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To the Reader

“The earth is our mother,” Chief Seattle is famously quoted as saying in 1854. “Every part of this country is sacred to my people. Every hillside, every valley, every plain and grove has been hallowed by some fond memory.” This kind of sentiment is part of the lore of Native Americans that has caused the conquering European-Americans to feel guilty about the disgraceful treatment accorded the original Americans. The quote also points out the superior ecological values of Indian tribes. 

Despite its frequent use, the quote from the Chief is a fake. Tribes were not paragons of ecological virtue as envisioned today. Large fires, for example, were set to force animals out of the woods for often “wasteful slaughters.” Today it is generally recognized that Native Americans did not deserve the treatment received during westward expansion of the nation. The actions of the Bureau of Indian Affairs and other agencies deserve careful scrutiny. Similarly, Indians deserve serious consideration for their treatment of the environment, given the harsh realities of the world they lived in.

In this policy series, Alison Berry continues her work on the quality of forests that result under different management schemes. She contrasts side-by-side forests in Montana. One is operated by the United States Forest Service under the watchful eye of Congress. The other is run by Indian tribes on reservation lands. The Indians win this battle.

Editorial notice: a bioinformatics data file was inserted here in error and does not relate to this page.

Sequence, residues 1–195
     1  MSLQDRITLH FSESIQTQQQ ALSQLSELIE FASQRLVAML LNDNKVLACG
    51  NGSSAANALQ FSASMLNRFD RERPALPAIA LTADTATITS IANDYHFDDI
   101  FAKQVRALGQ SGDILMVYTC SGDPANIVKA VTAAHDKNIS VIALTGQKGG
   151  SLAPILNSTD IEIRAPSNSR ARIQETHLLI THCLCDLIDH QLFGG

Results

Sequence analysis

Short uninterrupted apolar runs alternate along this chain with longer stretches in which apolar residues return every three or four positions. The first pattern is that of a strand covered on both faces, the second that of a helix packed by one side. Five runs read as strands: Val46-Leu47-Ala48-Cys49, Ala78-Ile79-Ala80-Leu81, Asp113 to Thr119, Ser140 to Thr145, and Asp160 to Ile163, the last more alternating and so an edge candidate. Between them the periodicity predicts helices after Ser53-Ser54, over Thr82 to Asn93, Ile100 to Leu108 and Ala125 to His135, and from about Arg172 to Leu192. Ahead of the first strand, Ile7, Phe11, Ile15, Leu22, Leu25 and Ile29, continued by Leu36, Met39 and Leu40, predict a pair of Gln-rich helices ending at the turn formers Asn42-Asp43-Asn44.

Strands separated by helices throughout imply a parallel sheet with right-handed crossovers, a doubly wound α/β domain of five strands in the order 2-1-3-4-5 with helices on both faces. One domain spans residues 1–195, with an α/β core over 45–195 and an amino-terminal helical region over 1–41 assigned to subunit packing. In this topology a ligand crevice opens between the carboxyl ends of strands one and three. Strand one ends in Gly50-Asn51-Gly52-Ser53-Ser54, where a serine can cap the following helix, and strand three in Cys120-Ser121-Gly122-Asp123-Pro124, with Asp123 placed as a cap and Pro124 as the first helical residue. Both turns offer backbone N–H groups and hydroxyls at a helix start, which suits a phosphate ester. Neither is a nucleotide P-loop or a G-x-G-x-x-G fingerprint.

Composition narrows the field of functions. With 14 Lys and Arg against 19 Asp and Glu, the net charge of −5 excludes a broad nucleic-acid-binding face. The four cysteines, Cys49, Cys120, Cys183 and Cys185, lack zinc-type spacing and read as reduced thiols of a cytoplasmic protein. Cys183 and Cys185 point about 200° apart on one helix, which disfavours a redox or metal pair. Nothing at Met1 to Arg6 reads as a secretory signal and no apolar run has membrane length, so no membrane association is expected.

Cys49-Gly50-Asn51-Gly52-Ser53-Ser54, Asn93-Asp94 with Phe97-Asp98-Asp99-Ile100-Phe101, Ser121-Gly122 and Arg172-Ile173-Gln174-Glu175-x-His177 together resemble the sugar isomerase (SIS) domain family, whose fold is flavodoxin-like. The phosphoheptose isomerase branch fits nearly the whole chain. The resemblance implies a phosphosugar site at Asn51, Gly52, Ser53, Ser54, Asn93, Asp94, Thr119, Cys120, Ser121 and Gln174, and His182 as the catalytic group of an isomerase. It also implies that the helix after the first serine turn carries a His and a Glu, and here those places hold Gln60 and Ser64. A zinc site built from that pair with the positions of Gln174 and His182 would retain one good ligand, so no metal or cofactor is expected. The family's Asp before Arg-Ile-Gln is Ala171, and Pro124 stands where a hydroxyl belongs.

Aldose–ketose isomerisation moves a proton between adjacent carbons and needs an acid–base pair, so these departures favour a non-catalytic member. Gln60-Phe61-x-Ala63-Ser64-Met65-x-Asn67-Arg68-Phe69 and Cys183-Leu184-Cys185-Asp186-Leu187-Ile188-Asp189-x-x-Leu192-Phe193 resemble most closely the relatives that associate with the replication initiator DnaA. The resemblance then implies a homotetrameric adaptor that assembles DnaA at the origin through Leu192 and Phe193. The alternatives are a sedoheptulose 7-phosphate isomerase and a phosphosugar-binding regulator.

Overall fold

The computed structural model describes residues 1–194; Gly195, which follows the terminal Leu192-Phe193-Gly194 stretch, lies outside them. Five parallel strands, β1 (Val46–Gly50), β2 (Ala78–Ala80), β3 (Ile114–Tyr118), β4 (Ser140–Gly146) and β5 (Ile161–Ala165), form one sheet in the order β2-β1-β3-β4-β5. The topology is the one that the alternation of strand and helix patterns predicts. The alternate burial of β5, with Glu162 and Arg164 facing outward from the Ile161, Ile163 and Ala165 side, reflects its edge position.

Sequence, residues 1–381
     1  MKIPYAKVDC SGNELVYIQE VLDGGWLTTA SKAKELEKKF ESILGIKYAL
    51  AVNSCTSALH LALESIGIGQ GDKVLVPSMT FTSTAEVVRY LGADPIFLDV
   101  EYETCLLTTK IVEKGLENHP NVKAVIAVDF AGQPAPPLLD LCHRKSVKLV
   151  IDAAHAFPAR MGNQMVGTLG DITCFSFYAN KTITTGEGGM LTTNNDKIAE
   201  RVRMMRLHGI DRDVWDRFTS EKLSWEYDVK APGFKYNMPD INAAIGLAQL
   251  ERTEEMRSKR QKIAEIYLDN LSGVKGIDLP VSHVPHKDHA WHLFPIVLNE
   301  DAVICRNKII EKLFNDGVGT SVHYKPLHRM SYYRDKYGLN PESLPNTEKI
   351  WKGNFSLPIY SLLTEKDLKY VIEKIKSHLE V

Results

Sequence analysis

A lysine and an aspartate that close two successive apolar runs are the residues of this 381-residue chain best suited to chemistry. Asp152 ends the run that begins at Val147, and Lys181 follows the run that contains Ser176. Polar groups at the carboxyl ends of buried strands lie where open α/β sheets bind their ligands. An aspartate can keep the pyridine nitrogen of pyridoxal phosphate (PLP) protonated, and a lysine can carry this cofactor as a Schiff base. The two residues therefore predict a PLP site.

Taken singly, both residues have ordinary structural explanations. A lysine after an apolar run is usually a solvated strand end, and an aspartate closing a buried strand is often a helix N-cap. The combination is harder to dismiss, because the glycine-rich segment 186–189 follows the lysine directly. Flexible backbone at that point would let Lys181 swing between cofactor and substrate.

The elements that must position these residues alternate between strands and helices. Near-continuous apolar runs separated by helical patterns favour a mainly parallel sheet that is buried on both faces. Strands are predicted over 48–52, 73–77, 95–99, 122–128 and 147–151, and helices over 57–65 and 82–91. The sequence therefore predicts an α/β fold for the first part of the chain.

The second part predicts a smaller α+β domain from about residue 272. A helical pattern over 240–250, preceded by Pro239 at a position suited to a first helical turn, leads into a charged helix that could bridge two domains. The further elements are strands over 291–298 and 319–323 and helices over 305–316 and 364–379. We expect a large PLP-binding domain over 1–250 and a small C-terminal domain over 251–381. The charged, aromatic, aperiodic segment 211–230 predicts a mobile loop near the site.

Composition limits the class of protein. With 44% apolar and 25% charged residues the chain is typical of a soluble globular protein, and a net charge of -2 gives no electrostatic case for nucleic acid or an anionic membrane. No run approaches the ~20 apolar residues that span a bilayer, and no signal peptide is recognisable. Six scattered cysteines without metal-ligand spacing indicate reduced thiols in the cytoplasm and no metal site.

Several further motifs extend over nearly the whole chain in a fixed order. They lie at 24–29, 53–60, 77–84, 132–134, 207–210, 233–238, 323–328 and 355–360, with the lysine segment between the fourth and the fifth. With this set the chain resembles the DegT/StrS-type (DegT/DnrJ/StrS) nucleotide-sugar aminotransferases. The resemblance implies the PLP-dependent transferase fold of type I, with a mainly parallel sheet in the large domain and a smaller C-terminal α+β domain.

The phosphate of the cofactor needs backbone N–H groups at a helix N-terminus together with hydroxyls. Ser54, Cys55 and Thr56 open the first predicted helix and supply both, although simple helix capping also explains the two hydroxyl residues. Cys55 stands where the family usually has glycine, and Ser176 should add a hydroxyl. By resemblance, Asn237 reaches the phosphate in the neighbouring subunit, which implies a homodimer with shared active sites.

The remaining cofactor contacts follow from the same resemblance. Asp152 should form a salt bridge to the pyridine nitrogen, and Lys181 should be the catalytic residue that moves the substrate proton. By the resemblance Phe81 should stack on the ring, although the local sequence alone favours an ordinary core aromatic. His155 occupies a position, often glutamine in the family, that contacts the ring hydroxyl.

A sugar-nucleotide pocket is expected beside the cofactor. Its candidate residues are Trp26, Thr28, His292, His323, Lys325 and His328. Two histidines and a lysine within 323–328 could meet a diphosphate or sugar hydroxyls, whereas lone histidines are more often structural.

Berry shows that the tribes manage their land more efficiently for timber production and for ecological value. On both the cost and output side of the equation, the tribes do a better job. This is not because Indians are born to appreciate the environment more than people who work for the Forest Service. As Berry explains, the tribes need forest productivity to support their livelihood. The Forest Service is a federal bureaucracy.

There is a lesson to be learned here. Congressional policies controlling the massive areas of timber land are not producing good results no matter how they are measured. A for-profit lesson from the Native Americans is in order.

This essay is part of the PERC Policy Series of papers on timely environmental topics. This issue was edited by Roger Meiners and Laura Huggins and designed by Mandy-Scott Bachelier.

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